Rabid fox attacks two in Crisp County - WALB.com, Albany News, Weather, Sports

Rabid fox attacks two in Crisp County

June 18, 2007

Warwick -- Cordele resident George Gay was assisting with a summer day camp last week in Crisp County when a fox emerged from the woods in broad daylight.

" It was about 10:30 or 11 o'clock in the morning. And I thought it was mighty unusual for a fox to be out at that time of the day," says Gay.

Typically a nocturnal animal, foxes are also known to carry rabies. This particular fox approached the crowded grounds at Camp Houston just outside of Warwick before randomly attacking a young boy playing kickball with other children. George Gay recalls the shocking event.

 " It just singled the kid out. It ran up and bit it on the back of the leg. The kid fell down, then the fox bit him on the other leg."

An adult volunteer at the camp ran to the rescue, pulling the fox off of the young victim. The fox bit him as well.

Camp volunteers quickly captured the fox in a trash bin while the two victims were taken to a local medical facility. Volunteers remain fearful of the animals violent behavior.

 " You could tell that fox was sick. It wasn't acting right, it acted sick, you could tell," adds Gay.

A Crisp County Sheriff Animal Control Unit responded to the call where an officer destroyed the fox on the scene.

Sheriff Donnie Haralson of the Crisp County Sheriff Office says, "We were able to get the fox and have it sent for testing. And it did come back positive for rabies."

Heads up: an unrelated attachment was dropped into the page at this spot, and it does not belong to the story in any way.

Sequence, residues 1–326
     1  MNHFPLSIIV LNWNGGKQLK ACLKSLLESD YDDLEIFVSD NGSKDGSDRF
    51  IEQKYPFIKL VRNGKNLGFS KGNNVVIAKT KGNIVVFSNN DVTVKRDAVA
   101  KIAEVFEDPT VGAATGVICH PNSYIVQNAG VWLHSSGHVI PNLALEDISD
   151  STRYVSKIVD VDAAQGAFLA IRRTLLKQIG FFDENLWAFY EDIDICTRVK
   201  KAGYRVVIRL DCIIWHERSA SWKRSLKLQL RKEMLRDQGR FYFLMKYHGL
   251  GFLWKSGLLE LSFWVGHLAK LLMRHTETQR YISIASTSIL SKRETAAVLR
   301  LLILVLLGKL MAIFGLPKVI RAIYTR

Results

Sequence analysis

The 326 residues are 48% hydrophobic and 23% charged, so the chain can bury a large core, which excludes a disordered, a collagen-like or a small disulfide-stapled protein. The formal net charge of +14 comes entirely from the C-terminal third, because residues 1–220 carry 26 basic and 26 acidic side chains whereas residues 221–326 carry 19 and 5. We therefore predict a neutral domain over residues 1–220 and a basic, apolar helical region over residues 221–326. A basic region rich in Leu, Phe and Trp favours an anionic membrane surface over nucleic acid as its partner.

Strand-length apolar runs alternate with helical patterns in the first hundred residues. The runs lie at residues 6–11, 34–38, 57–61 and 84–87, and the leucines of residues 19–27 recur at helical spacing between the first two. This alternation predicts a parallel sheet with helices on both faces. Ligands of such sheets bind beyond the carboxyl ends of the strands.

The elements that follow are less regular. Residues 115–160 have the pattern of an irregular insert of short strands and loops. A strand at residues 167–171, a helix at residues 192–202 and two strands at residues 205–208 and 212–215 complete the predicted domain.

The Crisp County Health Department informed the two victims that the fox tested positive for rabies and advised them of the proper treatment to avoid rabies.

According to eyewitnesses the fox emerged from the woods here and ran under a RV before it proceeded to attack the child playing kickball. But DNR officials warn, anytime a nocturnal animal such as a fox or a raccoon appears during the daytime, it's not always good sign."

 " What look for in those animals is unusual behavior as far as aggression goes. In that case the animal attack children or things that were much larger than itself. So a lot of time with rabies animals you see them attack humans or domestic animals a lot larger than themselves," says Julie Robbins of the Georgia DNR.

And while the attacks are unusual, wildlife officials urge everyone to be cautious of any strange behaving animal.

Owners of Camp Houston, where the attack took place say that an incident like this has never occurred at the facility and that measures are always taken to ensure the safety of campers.

DNR officials say that the most common carriers of rabies are raccoons, coyotes, bats, skunks, as well as foxes.